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First Final Rules Issued Under Export Control Reform Initiative

Wednesday, April 17, 2013
By Shawn McCausland
Sandler, Travis & Rosenberg Trade Report

The Obama administration today took a historic step in its effort to improve national security, improve interoperability with foreign partners and bolster the U.S. defense industrial base as part of the Export Control Reform Initiative. The  Commerce Department’s Bureau of Industry and Security and the State Department’s Directorate of Defense Trade Controls issued final rules that, effective Oct. 15, will significantly revise three categories on the U.S. Munitions List by transferring certain goods to the Commerce Control List, which provides typically more liberal rules on exports and reexports of purely commercial items as well as those that have both commercial and military applications. Additional such rules affecting other USML categories are expected to be issued in the near future, and companies that may be affected by these changes should act now to verify if and how their products may be affected. Sandler & Travis Trade Advisory Services is conducting a webinar on export regulatory requirements on April 17 that will include a discussion of these new rules.

The DDTC final rule amends the International Traffic in Arms Regulations with respect to USML categories VIII (aircraft and related articles), XVII (classified articles, technical data and defense services not otherwise enumerated), and XXI (articles, technical data and defense services not otherwise enumerated). It also creates a new Category XIX covering gas turbine engines and associated equipment.  The BIS final rule creates ten new 600 series export control classification numbers to accommodate the items being transferred from the USML, which include aircraft, gas turbine engines, related parts, components, accessories, attachments, software and technology. Policies for handling licensing and other issues both before and after the 180-day transition period are provided.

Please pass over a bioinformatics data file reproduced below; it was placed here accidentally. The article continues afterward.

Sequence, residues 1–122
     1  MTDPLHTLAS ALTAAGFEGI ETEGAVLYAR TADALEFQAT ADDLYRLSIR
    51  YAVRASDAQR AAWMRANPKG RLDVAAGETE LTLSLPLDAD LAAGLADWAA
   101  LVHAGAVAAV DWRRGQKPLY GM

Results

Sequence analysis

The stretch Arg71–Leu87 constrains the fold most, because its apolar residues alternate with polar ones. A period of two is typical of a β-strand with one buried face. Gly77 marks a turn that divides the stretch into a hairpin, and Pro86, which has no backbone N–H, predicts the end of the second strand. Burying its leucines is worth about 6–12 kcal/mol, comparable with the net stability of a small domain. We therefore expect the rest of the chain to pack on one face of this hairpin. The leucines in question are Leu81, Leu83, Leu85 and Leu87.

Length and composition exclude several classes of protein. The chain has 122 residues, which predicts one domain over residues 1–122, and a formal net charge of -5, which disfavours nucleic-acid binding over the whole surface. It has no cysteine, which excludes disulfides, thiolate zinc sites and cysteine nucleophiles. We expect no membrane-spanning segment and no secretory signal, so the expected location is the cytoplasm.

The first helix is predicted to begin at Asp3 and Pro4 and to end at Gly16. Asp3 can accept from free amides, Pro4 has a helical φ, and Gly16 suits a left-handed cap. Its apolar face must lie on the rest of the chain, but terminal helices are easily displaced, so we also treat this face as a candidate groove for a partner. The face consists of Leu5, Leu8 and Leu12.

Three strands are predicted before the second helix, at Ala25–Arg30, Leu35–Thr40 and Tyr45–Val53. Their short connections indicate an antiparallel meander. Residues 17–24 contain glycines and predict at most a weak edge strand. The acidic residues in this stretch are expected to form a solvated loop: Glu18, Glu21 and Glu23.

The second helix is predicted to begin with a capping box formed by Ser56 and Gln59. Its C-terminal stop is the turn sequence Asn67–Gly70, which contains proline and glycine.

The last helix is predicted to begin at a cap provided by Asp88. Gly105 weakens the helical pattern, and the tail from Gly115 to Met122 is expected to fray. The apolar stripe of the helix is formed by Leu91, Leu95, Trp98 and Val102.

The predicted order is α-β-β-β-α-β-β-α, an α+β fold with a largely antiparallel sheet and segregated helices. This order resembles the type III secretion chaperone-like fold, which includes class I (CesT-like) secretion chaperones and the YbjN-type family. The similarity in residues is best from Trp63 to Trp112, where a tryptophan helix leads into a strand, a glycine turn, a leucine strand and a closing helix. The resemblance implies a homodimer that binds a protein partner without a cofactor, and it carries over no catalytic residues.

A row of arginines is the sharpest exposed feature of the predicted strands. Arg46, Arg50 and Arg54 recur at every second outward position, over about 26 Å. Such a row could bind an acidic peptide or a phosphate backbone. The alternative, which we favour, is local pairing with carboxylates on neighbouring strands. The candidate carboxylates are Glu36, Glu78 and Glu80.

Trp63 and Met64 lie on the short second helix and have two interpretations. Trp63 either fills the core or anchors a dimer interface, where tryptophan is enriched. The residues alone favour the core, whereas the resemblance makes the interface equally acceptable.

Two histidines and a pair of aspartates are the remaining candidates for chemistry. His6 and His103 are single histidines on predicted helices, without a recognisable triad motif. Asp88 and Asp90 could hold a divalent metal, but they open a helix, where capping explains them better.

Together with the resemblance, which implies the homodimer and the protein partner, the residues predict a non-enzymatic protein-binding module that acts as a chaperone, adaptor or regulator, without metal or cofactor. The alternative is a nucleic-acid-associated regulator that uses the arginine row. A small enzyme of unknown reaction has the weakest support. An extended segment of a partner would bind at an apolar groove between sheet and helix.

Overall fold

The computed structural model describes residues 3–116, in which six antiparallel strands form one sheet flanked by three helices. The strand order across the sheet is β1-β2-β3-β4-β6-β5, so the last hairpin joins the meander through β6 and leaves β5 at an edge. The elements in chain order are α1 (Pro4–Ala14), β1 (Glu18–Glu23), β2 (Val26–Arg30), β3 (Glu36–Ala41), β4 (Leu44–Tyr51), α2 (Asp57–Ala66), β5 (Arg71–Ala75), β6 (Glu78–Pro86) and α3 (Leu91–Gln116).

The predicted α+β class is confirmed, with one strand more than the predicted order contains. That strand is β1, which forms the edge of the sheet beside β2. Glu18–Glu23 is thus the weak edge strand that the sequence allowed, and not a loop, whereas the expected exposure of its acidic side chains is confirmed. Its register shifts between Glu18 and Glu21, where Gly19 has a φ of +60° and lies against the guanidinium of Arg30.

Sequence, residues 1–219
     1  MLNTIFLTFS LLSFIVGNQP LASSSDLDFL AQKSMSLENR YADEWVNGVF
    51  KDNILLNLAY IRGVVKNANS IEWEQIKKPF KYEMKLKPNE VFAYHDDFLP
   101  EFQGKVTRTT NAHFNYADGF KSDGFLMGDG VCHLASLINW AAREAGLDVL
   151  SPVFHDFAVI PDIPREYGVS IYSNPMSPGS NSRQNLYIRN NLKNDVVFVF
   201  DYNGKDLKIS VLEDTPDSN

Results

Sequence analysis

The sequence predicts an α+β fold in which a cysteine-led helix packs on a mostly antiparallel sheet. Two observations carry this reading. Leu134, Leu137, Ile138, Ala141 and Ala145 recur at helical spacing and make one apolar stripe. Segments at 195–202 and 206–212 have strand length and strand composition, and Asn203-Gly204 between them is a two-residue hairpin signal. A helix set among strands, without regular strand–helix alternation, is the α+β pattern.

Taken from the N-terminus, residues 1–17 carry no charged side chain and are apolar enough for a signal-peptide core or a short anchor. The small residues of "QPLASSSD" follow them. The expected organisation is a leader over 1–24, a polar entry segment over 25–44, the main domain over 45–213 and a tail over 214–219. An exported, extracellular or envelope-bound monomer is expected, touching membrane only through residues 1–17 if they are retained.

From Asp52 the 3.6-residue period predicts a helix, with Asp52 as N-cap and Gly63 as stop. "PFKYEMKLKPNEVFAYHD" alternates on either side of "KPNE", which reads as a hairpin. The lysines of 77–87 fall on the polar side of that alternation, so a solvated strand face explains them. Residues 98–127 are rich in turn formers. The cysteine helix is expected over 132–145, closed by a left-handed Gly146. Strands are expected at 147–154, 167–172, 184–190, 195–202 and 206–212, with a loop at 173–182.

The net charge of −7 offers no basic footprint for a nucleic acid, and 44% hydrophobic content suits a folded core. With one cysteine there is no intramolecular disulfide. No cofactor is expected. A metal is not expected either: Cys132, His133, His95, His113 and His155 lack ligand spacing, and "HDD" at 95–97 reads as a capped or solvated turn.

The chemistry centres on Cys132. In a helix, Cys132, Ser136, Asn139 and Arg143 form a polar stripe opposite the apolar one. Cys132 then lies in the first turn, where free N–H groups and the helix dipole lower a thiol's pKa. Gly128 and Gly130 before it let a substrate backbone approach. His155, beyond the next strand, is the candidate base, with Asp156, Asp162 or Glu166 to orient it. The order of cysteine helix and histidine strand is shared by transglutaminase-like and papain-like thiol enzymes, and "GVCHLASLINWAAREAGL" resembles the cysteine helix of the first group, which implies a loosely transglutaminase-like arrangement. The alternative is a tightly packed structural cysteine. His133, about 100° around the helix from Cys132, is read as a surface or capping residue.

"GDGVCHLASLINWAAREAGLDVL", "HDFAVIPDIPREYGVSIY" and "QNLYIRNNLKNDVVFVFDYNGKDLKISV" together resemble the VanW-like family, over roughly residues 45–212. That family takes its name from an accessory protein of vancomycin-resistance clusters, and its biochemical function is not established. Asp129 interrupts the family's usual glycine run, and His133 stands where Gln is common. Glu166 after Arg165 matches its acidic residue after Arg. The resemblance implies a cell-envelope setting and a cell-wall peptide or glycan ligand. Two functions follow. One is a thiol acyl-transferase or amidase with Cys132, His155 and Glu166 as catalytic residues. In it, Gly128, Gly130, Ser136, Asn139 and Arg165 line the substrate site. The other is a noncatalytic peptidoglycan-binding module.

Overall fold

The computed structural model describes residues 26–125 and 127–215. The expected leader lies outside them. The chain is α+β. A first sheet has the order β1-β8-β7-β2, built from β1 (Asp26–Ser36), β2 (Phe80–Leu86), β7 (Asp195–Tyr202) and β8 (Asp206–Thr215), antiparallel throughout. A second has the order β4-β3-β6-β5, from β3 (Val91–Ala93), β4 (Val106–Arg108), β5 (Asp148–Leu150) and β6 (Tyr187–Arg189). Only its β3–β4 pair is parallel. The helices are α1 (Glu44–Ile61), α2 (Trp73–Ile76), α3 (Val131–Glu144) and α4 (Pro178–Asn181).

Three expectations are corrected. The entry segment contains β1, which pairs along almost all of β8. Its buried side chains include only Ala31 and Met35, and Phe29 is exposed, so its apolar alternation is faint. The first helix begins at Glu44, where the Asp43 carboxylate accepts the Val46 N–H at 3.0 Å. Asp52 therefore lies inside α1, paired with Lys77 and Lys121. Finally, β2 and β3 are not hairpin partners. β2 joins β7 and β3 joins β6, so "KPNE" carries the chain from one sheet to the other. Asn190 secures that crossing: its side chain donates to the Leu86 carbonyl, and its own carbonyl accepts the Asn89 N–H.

Both rules also provide the long-awaited definitions for the term “specially designed” under the ITAR and the Export Administration Regulations. In addition, the BIS rule establishes a new process whereby exporters and reexporters may request formal BIS confirmation that a part, component, accessory, attachment or software is not specially designed.

Companies are urged to take the following steps in response to these new regulations.

- Review your product lines and the contents of the new regulations to evaluate whether any of your items will shift from the USML to the CCL.

- If so, determine your new CCL classifications, reasons for control and licensing requirements under the EAR.

- Take stock of your current ITAR licenses and authorizations and develop strategies for timely obtaining the appropriate EAR authorizations within the timeframes specified under the DDTC final rule. While EAR license exceptions may now be available for activities that previously required authorization under the ITAR, in many cases these exceptions will impose additional administrative requirements on exporters and reexporters. As a result, if your activities have previously been exclusively subject to the ITAR, you need to become informed on the requirements of the EAR, both substantive and administrative. 

- Take prompt steps to revamp your export compliance policies and procedures to reflect the EAR requirements, to document those new processes in writing, and to provide EAR compliance training to personnel who may be only familiar with ITAR requirements.

It is important to note that other final rules covering different USML and CCL categories will be issued over the coming months. As a result, companies that may not be affected by today’s final rules should nonetheless adopt the internal review and compliance strategies outlined above to assess how and if they may be impacted by future changes.

For details on the specific provisions of the BIS and DDTC final rules, please click here.

If you have specific questions on these new regulations or any other aspect of the Export Control Reform initiative, please contact Melissa Miller Proctor, Donna L. Bade or Anu Gavini.

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